Healthy, Wealthy, and Wise: Living Ethically in the Light of the Bible
Matthew 7:7-14; Acts 8:26-40; Psalm 18:7-19; Genesis 38
The story in Genesis 38 has given us the word ‘onanism’ in English—a synonym for masturbation. Some have taken this passage as biblical condemnation of birth control in general. However, closer examination of the text reveals numerous complexities and some important principles in using the Bible to develop ethical guidelines.
First of all, we must seek to understand what the text actually states. In this incident, Onan is condemned because he, literally, spilled his seed on the ground. Interpreters note that this could have occurred in different ways: due to masturbation, as a result of coitus interuptus (withdrawing from intercourse before ejaculation), or during a pagan ritual. Other religions in the region literally poured semen on the ground as part of fertility rites. Which Onan did is unclear, making it difficult to apply this passage to current practices.
A second general principle when applying biblical passages is to examine the purpose of the passage in its original context. Here we see that the focus of Genesis 38 is not on sexual ethics. The ‘hero’ of the story, Tamar, disguises herself as a prostitute so that her father-in-law commits adultery with her and she gets pregnant. Adultery and prostitution are clearly denounced in the Bible, as exemplified by the way Tamar was almost executed when it was discovered that she had ‘played the harlot’ (38:24; cf. Deut 23:17-18).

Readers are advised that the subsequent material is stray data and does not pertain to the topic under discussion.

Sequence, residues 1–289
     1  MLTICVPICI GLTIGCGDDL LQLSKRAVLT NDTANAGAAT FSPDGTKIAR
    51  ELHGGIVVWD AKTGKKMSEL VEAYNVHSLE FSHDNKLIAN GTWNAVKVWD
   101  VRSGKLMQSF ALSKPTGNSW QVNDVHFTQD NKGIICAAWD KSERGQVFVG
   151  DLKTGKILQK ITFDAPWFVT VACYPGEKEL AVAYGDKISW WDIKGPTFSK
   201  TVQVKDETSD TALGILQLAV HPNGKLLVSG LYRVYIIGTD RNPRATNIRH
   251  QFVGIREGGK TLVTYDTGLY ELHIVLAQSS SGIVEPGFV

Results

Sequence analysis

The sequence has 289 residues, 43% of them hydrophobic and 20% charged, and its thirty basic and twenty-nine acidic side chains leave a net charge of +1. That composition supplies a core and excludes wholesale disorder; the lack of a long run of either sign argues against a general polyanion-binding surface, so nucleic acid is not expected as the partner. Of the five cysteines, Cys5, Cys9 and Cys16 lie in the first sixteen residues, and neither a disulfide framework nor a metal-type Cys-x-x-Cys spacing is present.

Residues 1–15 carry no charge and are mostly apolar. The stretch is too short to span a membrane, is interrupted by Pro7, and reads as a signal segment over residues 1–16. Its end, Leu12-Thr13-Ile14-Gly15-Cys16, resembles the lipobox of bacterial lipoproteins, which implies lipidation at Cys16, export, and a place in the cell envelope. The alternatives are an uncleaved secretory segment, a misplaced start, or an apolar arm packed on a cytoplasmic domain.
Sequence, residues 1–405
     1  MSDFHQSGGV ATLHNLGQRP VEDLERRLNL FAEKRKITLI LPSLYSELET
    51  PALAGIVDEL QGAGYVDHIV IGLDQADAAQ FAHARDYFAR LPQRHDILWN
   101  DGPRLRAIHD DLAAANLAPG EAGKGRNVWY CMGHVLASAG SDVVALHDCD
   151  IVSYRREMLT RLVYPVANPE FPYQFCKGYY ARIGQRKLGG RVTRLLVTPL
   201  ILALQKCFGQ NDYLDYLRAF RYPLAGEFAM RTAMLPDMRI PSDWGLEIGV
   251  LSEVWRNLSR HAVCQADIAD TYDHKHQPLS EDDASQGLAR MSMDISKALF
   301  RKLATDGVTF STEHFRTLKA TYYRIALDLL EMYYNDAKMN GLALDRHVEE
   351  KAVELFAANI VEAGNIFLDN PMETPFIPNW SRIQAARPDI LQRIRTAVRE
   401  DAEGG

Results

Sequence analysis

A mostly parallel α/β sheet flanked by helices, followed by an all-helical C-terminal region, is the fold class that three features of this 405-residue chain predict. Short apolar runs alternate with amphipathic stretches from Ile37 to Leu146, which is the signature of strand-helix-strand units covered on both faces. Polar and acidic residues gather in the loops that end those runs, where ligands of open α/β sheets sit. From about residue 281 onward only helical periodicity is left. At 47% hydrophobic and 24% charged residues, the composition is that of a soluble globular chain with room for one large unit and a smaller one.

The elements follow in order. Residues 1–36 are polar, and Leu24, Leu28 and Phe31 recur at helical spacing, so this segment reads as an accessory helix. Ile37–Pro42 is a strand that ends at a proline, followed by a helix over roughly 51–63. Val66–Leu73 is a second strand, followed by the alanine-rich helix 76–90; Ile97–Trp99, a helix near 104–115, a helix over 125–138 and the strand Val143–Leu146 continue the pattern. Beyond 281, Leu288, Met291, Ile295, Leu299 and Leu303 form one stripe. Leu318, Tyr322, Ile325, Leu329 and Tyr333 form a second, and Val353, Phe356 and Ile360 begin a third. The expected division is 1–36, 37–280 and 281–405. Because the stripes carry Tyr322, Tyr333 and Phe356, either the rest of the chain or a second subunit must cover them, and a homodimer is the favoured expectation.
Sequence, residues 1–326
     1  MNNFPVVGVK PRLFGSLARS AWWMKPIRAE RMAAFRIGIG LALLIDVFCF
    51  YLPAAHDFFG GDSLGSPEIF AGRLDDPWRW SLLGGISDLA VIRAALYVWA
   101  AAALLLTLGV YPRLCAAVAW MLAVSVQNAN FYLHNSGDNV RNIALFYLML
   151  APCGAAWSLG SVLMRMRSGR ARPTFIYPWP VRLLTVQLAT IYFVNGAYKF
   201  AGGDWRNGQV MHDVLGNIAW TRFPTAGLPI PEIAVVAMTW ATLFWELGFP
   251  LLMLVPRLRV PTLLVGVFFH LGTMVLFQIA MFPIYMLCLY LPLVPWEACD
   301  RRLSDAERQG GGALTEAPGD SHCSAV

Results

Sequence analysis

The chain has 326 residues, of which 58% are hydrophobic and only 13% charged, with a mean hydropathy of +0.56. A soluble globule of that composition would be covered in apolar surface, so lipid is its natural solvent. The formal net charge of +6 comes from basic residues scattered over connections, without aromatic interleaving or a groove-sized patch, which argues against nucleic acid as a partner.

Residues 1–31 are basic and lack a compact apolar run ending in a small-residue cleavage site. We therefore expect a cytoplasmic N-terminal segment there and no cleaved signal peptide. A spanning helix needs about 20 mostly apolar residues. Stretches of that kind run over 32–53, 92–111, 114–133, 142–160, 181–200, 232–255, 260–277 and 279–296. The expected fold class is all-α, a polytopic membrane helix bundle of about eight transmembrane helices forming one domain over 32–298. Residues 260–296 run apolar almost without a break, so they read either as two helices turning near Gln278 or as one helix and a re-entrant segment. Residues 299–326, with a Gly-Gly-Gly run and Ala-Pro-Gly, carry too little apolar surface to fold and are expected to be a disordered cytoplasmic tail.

What is being taught here, though, is not God’s view of sexual right and wrong. Instead, the theme is the importance of the line of Judah in leading to the Messiah (Psalm 78:59-72). The death of Er put the line of Judah in jeopardy and activated levirate marriage (Deuteronomy 25:5). In Israel and surrounding cultures a brother was required to marry his brother’s widow and preserve his name through their children. The word ‘whenever’ (v. 9) tells us that Onan slept with his brother’s wife several times, each time spilling his semen ‘in order not to give offspring to his brother.’ Thus Onan’s sin was his refusal to carry out his levirate duty. We should also note that ‘wet dreams’ are not treated as terrible sins in the Old Testament (Leviticus 15:16-18).
Genesis 38 teaches that God can use even human deceptiveness and sin to bring about his will. The line of Judah was preserved through the prostitution and adultery that gave birth to Perez, the ancestor of David and Jesus (Matthew 1). Thus God’s will is accomplished in unexpected ways in spite of human sin and weakness.